This year marks the 100th anniversary of the start the of World War I, and to commemorate this historic occasion, Trinity’s Special Collections has an exhibit displaying objects from Trinity during the time of the Great War. Several editions of the Mirage from the years of the war are just some of the books and pictures on display.

One of the books features an “Honor Roll” displaying the names of all the men from Trinity who served in the war alongside a dedication to “the noble men holding not their own lives dear.” The 1919 Mirage is dedicated to the men who served and also contains an image of a flag with many blue stars and six gold stars with the gold stars representing Trinity men who died in combat during the war. Although seven students were killed during the war, the seventh, who served with the Red Cross, died following the printing. Five of the seven men’s names are listed; the other two are unknown.

Andrea Lee and Benjamin Gomez, sophomores who visited the exhibit this week were impressed with the artifacts on display.

“I’m always surprised every day…of what Trinity has that I didn’t know about, whether it be like historical or insane facilities or whatever. It’s just crazy that Trinity has all this stuff,” Gomez said.

Pictures of the Students’ Army Training Corps (S.A.T.C.), a precursor to the Reserve Officers Training Corps (R.O.T.C.), are also featured in the exhibit.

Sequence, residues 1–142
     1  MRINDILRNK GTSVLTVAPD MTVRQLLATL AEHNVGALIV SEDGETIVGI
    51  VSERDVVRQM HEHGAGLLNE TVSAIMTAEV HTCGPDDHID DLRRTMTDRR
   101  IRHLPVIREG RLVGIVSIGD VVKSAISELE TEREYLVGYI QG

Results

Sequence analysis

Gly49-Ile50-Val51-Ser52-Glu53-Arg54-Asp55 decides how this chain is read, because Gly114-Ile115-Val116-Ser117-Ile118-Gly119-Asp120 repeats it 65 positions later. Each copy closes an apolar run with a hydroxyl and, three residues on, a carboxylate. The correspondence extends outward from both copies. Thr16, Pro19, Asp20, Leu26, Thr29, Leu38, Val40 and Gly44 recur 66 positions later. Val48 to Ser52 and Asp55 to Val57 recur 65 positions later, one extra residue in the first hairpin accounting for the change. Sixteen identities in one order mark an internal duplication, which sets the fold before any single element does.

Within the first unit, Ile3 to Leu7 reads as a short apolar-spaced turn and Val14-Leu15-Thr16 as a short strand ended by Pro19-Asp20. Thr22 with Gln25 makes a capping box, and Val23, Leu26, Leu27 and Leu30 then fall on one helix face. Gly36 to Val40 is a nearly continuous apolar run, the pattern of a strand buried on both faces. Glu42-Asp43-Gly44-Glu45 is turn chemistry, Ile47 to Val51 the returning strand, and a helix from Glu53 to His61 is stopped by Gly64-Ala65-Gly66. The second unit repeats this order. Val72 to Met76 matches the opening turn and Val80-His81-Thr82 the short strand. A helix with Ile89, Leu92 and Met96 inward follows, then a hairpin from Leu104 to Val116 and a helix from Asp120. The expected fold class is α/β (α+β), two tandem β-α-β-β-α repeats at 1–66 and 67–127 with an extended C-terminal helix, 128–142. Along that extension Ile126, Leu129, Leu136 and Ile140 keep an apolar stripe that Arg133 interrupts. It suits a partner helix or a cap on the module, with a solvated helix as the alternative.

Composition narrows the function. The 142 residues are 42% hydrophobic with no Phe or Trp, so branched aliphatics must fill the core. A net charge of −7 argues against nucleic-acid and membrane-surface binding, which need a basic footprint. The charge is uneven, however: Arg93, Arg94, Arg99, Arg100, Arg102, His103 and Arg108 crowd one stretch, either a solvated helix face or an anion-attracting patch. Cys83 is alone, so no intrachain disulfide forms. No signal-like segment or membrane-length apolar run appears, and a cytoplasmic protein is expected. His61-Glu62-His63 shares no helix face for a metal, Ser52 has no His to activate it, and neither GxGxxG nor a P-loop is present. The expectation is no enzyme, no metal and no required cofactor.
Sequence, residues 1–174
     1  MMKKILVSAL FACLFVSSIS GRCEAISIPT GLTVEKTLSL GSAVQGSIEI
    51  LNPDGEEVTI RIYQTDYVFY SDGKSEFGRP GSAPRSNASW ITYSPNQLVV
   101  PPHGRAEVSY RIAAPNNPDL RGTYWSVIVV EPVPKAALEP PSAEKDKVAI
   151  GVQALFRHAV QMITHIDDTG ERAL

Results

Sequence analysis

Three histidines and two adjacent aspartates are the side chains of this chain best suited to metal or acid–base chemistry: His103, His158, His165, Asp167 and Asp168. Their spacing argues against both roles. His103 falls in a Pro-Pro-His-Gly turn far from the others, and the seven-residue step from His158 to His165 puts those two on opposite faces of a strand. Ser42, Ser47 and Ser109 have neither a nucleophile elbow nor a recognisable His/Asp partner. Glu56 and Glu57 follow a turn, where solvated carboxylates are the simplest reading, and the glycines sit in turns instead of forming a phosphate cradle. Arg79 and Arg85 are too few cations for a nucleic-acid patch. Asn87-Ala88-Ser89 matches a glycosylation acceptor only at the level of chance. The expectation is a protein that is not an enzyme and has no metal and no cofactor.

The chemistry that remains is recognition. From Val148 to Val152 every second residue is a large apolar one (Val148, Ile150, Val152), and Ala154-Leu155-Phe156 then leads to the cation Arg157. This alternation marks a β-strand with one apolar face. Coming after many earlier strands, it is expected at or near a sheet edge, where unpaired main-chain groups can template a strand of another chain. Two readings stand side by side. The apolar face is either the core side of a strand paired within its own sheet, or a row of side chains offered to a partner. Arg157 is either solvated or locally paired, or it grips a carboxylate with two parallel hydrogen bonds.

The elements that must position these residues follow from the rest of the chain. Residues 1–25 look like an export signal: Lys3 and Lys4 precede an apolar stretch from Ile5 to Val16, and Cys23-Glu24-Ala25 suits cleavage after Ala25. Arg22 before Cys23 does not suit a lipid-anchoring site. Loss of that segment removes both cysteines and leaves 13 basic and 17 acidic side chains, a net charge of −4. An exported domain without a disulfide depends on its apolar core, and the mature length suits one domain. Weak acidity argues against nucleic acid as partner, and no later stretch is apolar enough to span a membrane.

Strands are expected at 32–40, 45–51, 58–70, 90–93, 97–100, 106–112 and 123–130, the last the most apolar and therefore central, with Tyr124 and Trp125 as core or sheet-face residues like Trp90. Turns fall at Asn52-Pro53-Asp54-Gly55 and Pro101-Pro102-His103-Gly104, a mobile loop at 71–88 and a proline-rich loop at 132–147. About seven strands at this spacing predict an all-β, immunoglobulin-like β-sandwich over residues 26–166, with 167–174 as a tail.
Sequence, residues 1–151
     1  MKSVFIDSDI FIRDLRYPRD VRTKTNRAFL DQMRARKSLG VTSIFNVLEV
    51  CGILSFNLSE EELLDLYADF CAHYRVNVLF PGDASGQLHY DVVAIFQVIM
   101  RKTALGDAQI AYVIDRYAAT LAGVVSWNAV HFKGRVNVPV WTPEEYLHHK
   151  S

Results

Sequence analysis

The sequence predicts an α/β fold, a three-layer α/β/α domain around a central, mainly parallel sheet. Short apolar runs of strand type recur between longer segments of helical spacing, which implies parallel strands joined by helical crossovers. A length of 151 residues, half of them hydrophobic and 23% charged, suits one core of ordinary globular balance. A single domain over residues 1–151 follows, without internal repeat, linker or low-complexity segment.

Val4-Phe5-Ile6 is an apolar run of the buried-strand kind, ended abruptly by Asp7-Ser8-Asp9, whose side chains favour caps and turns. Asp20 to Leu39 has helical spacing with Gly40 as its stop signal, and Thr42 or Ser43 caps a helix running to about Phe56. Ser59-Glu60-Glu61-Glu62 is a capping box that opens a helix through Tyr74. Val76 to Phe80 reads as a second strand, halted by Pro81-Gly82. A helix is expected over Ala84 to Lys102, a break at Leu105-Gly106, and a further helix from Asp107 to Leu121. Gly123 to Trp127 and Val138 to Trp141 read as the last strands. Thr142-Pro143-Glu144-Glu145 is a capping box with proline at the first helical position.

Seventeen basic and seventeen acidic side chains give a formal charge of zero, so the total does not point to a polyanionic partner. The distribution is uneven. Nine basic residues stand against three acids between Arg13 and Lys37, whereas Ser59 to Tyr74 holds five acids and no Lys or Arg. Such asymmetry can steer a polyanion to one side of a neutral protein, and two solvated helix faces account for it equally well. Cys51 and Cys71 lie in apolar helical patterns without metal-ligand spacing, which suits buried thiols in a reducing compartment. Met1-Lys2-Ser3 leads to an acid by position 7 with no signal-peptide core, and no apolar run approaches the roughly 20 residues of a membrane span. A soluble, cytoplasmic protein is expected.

“This was established by the government for students to receive military training while they continued with their studies,” said exhibit curator, Meredith Elsik.

One of these pictures shows two officers sent to Trinity to facilitate the Army Training Corps. All of these photographs can be dated back to the early 1900s. Neither the S.A.T.C. or the R.O.T.C. exist on campus today.

Gomez and Lee recommend other students go check out the exhibit to see the artifacts or to just hang out.

“It’s also a great place to study,” Lee said.

The exhibit is located on both the second and third floors of Coates Library. The second floor features books and pictures from Trinity’s involvement in World War I, while the the third floor has books about the general history of the war.

The exhibit will be on display through December and can be viewed during normal Special Collections hours, 1:15 to 5 p.m., Mon. to Fri., unless otherwise posted.

If interested, students can sign up to receive the Special Collections newsletter to find out what other events and exhibits are coming to the department. They are also open to suggestions for future exhibits. The newsletter, while still in the works, is planned to be released three times a year. Other informaiton on Special Collections can be found at the collection’s blog, http://archivestrinity.blogspot.com/.

Part of the exhibit was made possible by a grant from the Associated Colleges of the South.